Take the 2-minute tour ×
Stack Overflow is a question and answer site for professional and enthusiast programmers. It's 100% free, no registration required.

Consider this Python regex for finding phone numbers:

reg = re.compile(".*?(\(?\d{3}\D{0,3}\d{3}\D{0,3}\d{4}).*?", re.S)

The problem is that this will match any string of digits at least 10 characters in length, so I need to ensure that if there is a character preceding the regex, then it cannot be a digit.

This won't work because it breaks if the phone number is the beginning of the string:

reg = re.compile(".*?\D(\(?\d{3}\D{0,3}\d{3}\D{0,3}\d{4}).*?", re.S)

This won't work because the prior .*? might end in a digit:

reg = re.compile(".*?[\D]?(\(?\d{3}\D{0,3}\d{3}\D{0,3}\d{4}).*?", re.S)

What does work?

EDIT:

Martijn's regex breaks on match even though it works for search:

>>> text = 'The Black Cat Cafe is located at 45 Main Street, Irvington NY 10533, in one of the \nRiver Towns of Westchester. ..... Our unique menu includes baked ziti pizza, \nchicken marsala pizza, margherita pizza and many more choices. ..... 914-232-2800 ...... cuisine, is located at 36 Main Street, New Paltz, NY 12561 in Ulster \nCounty.'
>>> reg = re.compile(r"(?<!\d)(\(?\d{3}\D{0,3}\d{3}\D{0,3}\d{4})(?!\d)", re.S)
>>> reg.search(text).groups()[0]
'914-232-2800'
>>> reg.match(text) is None
True
>>> reg_dotan = re.compile(".*?(\(?\d{3}\D{0,3}\d{3}\D{0,3}\d{4}).*?", re.S)
>>> reg_dotan.search(text).groups()[0]
'914-232-2800'
>>> reg_dotan.match(text) is None
False

In the application, I'm running the regex in a list comprehension:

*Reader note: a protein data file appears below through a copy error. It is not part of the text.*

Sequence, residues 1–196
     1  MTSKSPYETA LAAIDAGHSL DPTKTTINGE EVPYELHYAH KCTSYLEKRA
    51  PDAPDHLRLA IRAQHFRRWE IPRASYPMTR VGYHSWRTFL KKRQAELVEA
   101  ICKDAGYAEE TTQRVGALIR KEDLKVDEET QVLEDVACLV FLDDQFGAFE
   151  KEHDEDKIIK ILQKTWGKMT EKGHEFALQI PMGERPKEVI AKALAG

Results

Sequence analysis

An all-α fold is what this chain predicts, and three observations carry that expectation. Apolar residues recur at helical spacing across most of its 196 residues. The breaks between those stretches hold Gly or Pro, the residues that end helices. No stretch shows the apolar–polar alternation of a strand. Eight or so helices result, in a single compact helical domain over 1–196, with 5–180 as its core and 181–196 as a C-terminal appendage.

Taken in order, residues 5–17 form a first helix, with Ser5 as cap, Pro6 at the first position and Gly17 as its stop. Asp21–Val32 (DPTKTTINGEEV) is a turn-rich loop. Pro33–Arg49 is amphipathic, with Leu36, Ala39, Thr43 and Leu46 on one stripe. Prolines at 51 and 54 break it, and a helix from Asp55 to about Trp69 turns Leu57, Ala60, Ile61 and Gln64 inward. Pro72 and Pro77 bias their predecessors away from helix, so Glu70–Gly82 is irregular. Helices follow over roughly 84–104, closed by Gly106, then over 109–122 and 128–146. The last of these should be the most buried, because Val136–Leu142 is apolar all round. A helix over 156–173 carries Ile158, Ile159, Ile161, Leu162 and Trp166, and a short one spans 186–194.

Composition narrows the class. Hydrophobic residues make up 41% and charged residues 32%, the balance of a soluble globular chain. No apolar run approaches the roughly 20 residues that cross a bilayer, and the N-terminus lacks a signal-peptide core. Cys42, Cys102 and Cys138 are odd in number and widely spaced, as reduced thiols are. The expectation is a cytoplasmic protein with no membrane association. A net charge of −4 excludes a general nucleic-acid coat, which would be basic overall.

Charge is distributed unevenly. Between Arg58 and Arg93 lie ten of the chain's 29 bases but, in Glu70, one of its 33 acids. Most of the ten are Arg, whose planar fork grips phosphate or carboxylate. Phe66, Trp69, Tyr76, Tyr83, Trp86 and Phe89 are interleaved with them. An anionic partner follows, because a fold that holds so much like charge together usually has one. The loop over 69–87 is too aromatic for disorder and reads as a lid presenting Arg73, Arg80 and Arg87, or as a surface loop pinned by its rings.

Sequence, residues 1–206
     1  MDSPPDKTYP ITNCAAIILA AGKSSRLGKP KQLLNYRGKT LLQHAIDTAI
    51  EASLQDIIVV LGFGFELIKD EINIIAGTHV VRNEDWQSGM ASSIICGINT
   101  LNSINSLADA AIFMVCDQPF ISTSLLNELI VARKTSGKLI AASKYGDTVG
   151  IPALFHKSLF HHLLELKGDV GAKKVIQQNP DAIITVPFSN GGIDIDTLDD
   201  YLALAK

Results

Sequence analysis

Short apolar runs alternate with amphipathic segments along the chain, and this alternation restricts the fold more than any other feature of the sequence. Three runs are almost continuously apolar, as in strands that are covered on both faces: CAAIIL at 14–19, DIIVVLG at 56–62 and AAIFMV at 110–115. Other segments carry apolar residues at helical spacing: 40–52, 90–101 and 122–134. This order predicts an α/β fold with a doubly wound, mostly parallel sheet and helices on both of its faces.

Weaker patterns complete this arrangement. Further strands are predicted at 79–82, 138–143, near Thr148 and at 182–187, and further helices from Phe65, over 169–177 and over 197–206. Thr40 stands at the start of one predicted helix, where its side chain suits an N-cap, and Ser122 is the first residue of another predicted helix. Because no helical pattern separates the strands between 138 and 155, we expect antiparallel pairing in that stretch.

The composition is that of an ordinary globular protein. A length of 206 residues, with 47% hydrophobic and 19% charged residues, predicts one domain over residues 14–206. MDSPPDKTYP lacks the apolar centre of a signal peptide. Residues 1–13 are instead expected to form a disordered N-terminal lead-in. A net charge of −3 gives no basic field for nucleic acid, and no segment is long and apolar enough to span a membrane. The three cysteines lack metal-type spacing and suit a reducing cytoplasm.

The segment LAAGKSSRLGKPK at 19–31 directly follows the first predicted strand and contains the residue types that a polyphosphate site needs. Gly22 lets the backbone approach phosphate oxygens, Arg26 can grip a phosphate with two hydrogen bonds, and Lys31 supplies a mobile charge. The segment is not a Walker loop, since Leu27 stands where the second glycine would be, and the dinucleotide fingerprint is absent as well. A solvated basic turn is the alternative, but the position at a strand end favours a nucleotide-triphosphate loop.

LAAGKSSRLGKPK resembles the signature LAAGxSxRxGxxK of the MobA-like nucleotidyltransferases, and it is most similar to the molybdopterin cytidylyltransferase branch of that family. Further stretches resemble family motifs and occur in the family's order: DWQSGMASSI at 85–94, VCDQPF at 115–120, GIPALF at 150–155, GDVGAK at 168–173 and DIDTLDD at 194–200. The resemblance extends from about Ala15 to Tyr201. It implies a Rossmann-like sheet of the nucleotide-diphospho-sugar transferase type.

have_phones = [d for d in descriptions if reg.match(d)]
share|improve this question

1 Answer 1

up vote 1 down vote accepted

Use a negative lookbehind assertion:

reg = re.compile(r"(?<!\d)(\(?\d{3}\D{0,3}\d{3}\D{0,3}\d{4})(?!\d)", re.S)

I've included a negative lookahead as well at the end. Negative lookbehind and lookahead assertions only match a position in text where the text preceding or following such a position does not match a pattern.

This is like the ^ and $ anchors, in that they too match specific positions, not characters themselves. In the text 'a1b2c' the start of the string as well as positions after a, b and c all match the (?<!\d) negative lookbehind, because at those positions the preceding character is not a digit (where there is no character at all at the start).

Using these makes your pattern match only if there is no digit right before it, and no digit right after the pattern; the start and end of a string qualify here as well.

Quick demo:

>>> reg.search('0123456789')          # 10 digits
<_sre.SRE_Match object at 0x1026ea468>
>>> reg.search('10123456789') is None # 11 digits
True
share|improve this answer
1  
You should really add some sample input and expected output to your question. –  Martijn Pieters Dec 10 '13 at 11:16
    
@dotancohen: That is entirely logical; reg.match limits matches to the start of the string. That is the defining difference between the functions. The pattern I describe should be used with re.search, unless you can only match at the start of strings. –  Martijn Pieters Dec 10 '13 at 11:34
    
    
Thanks, I'm going over the fine docs again now. However, see that the regex that I posted in the OP does work, I've added it to the output in the question. –  dotancohen Dec 10 '13 at 11:39
    
Thank you Martijn. I was able to massage lookbehind / lookahead into the regex. However, I'm still unsure why the match() function does not return None using my original regex. See edited OP. Thanks. –  dotancohen Dec 11 '13 at 9:00

Your Answer

 
discard

By posting your answer, you agree to the privacy policy and terms of service.

Not the answer you're looking for? Browse other questions tagged or ask your own question.